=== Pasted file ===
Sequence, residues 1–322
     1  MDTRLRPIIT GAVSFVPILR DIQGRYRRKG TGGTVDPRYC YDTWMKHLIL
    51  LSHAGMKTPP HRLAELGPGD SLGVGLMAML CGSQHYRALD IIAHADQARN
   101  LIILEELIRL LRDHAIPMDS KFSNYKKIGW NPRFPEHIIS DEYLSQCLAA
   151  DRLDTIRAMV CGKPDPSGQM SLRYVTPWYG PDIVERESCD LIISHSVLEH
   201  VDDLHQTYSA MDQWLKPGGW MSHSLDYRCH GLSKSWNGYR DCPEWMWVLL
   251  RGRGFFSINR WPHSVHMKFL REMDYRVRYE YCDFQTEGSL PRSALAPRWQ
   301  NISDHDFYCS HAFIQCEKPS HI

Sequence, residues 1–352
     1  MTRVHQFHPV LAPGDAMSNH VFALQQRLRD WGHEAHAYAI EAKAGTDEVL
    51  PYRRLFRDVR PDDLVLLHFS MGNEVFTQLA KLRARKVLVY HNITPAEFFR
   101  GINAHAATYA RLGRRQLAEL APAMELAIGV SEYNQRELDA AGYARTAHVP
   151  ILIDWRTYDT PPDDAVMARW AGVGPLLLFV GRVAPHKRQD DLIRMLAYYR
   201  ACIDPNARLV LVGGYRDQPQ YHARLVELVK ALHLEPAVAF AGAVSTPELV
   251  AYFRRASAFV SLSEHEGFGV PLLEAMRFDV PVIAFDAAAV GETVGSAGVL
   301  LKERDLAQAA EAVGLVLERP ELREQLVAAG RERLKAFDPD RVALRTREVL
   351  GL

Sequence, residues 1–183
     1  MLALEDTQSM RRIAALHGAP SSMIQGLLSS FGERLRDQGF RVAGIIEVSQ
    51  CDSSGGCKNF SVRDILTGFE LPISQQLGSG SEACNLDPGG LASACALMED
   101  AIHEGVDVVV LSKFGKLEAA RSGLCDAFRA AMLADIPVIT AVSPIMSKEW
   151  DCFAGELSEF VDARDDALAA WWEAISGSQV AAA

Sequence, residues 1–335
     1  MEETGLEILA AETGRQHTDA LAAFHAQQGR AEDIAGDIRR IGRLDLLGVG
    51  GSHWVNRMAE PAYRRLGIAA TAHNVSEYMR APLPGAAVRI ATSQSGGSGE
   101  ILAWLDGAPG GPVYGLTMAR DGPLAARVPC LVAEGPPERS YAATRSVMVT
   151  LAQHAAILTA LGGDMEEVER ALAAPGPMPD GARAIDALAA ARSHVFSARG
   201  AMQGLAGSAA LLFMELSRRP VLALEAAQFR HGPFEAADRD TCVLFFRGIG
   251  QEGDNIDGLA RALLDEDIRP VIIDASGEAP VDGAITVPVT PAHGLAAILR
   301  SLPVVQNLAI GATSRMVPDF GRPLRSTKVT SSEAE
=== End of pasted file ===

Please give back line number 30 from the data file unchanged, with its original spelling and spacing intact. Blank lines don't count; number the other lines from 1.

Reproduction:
   301  SLPVVQNLAI GATSRMVPDF GRPLRSTKVT SSEAE